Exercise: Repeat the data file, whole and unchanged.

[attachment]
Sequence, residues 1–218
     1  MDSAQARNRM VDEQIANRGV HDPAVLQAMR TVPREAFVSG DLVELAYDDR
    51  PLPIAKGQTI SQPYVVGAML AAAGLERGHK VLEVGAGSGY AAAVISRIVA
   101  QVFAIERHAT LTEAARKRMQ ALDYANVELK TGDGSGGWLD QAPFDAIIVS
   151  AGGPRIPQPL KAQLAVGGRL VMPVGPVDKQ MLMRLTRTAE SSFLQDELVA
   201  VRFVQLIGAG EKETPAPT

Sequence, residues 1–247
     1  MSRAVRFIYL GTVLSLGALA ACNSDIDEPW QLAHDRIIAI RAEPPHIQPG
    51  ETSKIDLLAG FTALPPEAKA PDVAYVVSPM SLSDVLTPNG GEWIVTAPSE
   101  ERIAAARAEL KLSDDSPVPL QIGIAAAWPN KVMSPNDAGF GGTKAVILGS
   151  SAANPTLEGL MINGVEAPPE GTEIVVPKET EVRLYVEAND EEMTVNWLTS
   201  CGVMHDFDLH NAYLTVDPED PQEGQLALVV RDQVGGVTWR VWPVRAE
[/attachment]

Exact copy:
Sequence, residues 1–218
     1  MDSAQARNRM VDEQIANRGV HDPAVLQAMR TVPREAFVSG DLVELAYDDR
    51  PLPIAKGQTI SQPYVVGAML AAAGLERGHK VLEVGAGSGY AAAVISRIVA
   101  QVFAIERHAT LTEAARKRMQ ALDYANVELK TGDGSGGWLD QAPFDAIIVS
   151  AGGPRIPQPL KAQLAVGGRL VMPVGPVDKQ MLMRLTRTAE SSFLQDELVA
   201  VRFVQLIGAG EKETPAPT

Sequence, residues 1–247
     1  MSRAVRFIYL GTVLSLGALA ACNSDIDEPW QLAHDRIIAI RAEPPHIQPG
    51  ETSKIDLLAG FTALPPEAKA PDVAYVVSPM SLSDVLTPNG GEWIVTAPSE
   101  ERIAAARAEL KLSDDSPVPL QIGIAAAWPN KVMSPNDAGF GGTKAVILGS
   151  SAANPTLEGL MINGVEAPPE GTEIVVPKET EVRLYVEAND EEMTVNWLTS
   201  CGVMHDFDLH NAYLTVDPED PQEGQLALVV RDQVGGVTWR VWPVRAE